Women-power: Turning the tides

The Musahars are one of the most marginalized communities in the country and constant discrimination and extreme poverty is almost a way of life for them and their children. The communities living in the 10 remote villages in the Kushinagar district of Uttar Pradesh had almost accepted exploitation, malnutrition and constant hunger as part of their lives. They had no access to proper government schemes or the ability to earn a dignified living. They were essentially landless and worked for pitiable wages. The struggle to constantly make ends meet – made them victims of moneylenders who would exploit them further with no end in sight.

When tdh supported project Samudaik Kalyan Evam Vikas Sansthan (SKVS) started work with this community – the malnutrition rate was a humongous 80% for children between 0 – 5 years. Hunger by far remained the main cause of death in these villages. And the community was powerless to fight against this.

An analysis of the project area revealed that the women of the community were the most concerned about their children and their lives and therefore the project team decided to mobilize women’s groups as a tool to start the process of change. The team helped them open up and discuss issues that they faced. Women agreed that one of the biggest challenges they faced was being able to feed their children and not falling prey to the endless cycle of moneylenders. They therefore came up with the idea of a ‘Grain Bank’. In months when the agricultural produce was good or when they had a little extra – each woman from the group was deposit a certain amount of grains at a common place. These were grains they had grown or earned and each woman was selfless about how much she would put in. Slowly this became a habit – sort of like forced savings. When a family needed some extra food for any specific occasion or when things got challenging – they could borrow grains from this bank to feed their families. They would pay back the grains when their situation would improve with a 25% interest in grains. Since this interest was much lower than what they would have to pay a money lender – this model was also a sustainable one.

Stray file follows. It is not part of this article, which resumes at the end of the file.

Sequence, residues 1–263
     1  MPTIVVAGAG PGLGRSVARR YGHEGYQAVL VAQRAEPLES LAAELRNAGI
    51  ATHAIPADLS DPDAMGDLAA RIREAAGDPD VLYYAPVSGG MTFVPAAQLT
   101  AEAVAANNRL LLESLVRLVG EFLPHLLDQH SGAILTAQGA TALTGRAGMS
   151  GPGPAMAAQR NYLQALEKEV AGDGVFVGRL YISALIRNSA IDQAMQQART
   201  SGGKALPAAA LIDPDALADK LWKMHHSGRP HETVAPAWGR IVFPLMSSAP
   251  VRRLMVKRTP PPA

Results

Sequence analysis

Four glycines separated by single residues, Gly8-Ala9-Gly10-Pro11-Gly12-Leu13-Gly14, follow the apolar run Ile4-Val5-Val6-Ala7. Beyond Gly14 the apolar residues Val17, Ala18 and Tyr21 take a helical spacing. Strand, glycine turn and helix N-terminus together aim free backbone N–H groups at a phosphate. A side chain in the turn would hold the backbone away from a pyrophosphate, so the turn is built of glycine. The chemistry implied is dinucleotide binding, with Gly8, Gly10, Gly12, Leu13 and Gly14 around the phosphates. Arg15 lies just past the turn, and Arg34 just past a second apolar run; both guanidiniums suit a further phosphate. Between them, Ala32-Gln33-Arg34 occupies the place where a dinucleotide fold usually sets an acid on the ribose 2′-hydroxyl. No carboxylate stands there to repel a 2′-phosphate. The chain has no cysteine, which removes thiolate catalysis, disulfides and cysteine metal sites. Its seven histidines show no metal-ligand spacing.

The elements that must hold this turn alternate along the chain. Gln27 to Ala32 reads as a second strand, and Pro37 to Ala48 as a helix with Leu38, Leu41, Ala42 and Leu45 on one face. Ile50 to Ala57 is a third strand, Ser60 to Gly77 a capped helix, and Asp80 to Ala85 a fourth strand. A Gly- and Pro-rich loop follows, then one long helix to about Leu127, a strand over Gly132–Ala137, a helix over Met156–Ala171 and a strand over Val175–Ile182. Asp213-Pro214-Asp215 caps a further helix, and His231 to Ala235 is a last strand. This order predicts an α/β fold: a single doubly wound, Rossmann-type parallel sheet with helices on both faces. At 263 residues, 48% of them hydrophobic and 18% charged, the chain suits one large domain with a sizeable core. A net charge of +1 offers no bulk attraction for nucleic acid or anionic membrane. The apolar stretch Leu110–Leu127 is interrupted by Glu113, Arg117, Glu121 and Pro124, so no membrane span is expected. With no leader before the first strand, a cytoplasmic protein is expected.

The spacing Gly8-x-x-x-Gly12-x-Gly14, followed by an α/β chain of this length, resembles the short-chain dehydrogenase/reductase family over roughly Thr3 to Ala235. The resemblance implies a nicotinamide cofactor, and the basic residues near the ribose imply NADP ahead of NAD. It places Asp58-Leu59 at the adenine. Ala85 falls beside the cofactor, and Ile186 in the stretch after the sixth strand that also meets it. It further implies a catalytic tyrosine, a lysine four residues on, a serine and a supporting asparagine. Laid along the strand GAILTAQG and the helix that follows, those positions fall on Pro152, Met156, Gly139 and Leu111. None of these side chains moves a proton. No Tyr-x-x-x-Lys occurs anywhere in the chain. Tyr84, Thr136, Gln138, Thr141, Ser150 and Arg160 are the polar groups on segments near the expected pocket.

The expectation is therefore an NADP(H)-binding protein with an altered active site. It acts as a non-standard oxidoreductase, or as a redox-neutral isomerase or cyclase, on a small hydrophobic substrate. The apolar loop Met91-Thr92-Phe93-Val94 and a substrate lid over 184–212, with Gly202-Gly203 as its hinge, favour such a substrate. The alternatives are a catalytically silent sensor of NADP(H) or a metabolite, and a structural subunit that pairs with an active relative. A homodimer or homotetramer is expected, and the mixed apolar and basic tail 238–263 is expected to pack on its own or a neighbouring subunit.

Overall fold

The Grain Bank has been a huge success for this community. Given that it has been able to break through the cycle of endless loans and poverty – the overall welfare and life of the community has improved. The Grain Bank is also lenient in its rules for paying back the loan and therefore families are not under constant stress. The Grain Bank has also made it possible for some of the women to take loans and start small business which ensuring financial independence as well.

27 families have benefitted from the Grain Bank including 2 women who have started small businesses. 49 women are active participants in the Grain Bank and have made remarkable strides in improving their own lives, their communities and of their children. Malnutrition is slowly being arrested and children are on their way to a healthier future.